QuikSCAT normalized radar cross section noise characterization for coastal wind field retrieval
In the context of the OSI SAF Visiting Scientist Program, Giuseppe Grieco from the Instituto di Scienze Marine (ISMAR-CNR) in Napoli, worked on the estimation of the QuikSCAT slice Normalized Radar Cross Section (NRCS) noise. This work took place in 2021 and was supervised by Marcos Portabella (ICM-CSIC) and Ad Stoffelen (KNMI).
Objectives and framework of the study
One of the main outcomes of the recent OSI SAF Visiting Science Activity VSA 20 01 shows that the QuikSCAT slice NRCSs are very noisy, especially along the coastline. An accurate estimation of the NRCS noise is essential for accurate wind field retrievals. This study aims to thoroughly characterize the QuikSCAT slice NRCS noise and compare it with the noise information provided in the QuikSCAT full resolution Level 1B (L1B) files.
The large amount of pencil-beam scatterometers from NASA’s QuikScat to the Indian OSCAT and the Chinese scatterometers on HY make coastal winds production from this type of scatterometer particularly interesting for the OSI SAF users for both near real time (NRT) and climate applications.
The slice NRCS noise, called Kp, is estimated using its common definition, and is then compared to the values provided in the L1B files, which are estimated from relevant instrument parameters. Some sensitivity analysis is carried out in order to verify the dependency on the wind regime, the dependency on the kind of surface (sea or any other kind), the dependency on the slice position with respect to (w.r.t.) the full footprint (egg) centroid, and on the view angle (aft or fore), the presence of any slice biases and their dependency on the acquisition azimuth angle.
Figure 1: Blue (red) circles: median of the Kp values (in percentage) provided in the file with orbit number 40651 vs the slice index for every kind of surface (marked with subscript A) (sea, marked with subscript S)) and for each of the 4 flavours pol-view, namely H-Pol Aft (HHA), H-Pol Fore (HHF), V-Pol Aft (VVA) and V-Pol Fore (VVF). Blue (red) crosses: estimated values of Kp for every kind of surface (sea). The number in blue (red) by the flavour label represents the total number of samples for every kind of surface (sea). This plot refers to a σ0 level corresponding to a wind speed of approximately 5 m/s .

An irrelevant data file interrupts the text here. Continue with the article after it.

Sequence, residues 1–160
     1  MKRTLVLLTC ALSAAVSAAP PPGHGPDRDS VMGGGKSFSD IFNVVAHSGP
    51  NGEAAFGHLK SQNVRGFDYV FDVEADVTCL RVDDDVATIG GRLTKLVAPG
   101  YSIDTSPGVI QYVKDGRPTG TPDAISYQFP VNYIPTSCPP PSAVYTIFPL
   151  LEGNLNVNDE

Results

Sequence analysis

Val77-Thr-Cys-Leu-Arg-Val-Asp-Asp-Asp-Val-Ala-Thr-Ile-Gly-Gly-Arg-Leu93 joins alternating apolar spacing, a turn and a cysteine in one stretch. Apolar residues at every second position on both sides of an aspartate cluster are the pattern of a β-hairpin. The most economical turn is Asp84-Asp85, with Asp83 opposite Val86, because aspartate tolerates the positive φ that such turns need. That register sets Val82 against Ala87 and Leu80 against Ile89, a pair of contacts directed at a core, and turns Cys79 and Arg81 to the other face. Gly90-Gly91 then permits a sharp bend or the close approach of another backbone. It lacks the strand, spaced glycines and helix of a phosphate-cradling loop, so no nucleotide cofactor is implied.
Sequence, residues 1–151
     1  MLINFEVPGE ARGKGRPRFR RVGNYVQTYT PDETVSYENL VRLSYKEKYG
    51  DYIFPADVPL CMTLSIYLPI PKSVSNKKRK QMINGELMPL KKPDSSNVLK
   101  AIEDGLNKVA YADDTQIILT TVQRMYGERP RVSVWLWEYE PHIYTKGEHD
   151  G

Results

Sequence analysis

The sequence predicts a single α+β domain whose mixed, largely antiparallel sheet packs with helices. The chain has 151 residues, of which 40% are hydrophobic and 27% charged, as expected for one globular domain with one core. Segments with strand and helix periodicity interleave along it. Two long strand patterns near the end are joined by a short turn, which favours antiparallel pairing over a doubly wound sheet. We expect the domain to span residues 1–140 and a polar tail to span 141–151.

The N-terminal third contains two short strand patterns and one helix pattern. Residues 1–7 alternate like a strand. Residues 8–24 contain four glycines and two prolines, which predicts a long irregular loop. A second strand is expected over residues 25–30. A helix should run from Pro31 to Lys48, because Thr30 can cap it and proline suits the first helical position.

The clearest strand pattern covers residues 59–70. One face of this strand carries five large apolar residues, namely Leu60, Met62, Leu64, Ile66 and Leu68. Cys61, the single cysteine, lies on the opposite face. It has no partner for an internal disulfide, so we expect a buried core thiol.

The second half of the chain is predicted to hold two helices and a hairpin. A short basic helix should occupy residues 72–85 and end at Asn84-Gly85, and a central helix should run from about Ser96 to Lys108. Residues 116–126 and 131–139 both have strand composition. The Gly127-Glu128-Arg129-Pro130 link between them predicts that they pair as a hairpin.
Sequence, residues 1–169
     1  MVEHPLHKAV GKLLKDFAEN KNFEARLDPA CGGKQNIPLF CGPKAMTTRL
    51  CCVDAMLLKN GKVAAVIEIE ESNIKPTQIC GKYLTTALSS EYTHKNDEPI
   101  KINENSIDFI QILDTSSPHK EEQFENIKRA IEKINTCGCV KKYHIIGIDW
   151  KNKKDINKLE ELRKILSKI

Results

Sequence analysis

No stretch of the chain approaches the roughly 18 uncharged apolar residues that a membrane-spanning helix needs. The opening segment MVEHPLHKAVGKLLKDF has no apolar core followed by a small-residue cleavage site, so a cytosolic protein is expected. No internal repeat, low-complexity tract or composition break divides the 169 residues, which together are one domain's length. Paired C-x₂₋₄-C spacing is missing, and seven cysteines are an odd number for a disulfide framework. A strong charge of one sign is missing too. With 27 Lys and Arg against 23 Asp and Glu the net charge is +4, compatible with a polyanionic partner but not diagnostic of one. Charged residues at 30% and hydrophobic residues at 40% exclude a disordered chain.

The comparison shows that:
- the values provided in the files are significantly different from those estimated, especially for what concerns the outer slices of the QuikSCAT footprint. In particular, the noise of the closest slices w.r.t. the antenna appears to be underestimated, while it appears to be lower for the farthest ones;
- due to the lower signal, H-Pol acquisitions are generally noisier than V-Pol ones, while for the same backscatter value, the noise properties are very similar; • Kp decreases w.r.t. the wind speed and no differences are found w.r.t. the view, in line with the expectations;
- Kp over sea is generally lower w.r.t. any other kind of surfaces;
- the NRCS biases may reach 0.8 dB for H-Pol measurements and 0.3 dB for V-Pol ones, in line with the general GMF sensitivity as a function of incidence angle. Since this sensitivity is quasi-linear at any wind speed or direction, it suggests that slice incidence angles should be weighted in the same way as the contributing backscatter values in each view.
Benefits for the SAF
- NRCS noise characterization is essential for accurate wind field retrievals. This aspect, together with the implementation of a Land Contribution Ratio (LCR) based NRCS correction scheme is fundamental to improve the coastal sampling of scatterometer derived winds and satisfy the demand for coastal winds by OSI SAF users.
- The large amount of pencil-beam scatterometers from NASA’s QuikScat to the Indian OSCAT and the Chinese scatterometers on HY make coastal winds production from this type of scatterometer particularly interesting for the OSI SAF users for both near real time (NRT) and climate applications.
Noise characterization is essential for accurate wind field retrievals.
Report on this study
G. Grieco from Institute of Marine Sciences (ISMAR-CNR)
M. Portabella from Barcelona Expert Center (BEC ICM-CSIC)
J. Vogelzang, A. Verhoef, A. Stoffelen from Koninklijk Nederlands Meteorologisch Instituut (KNMI)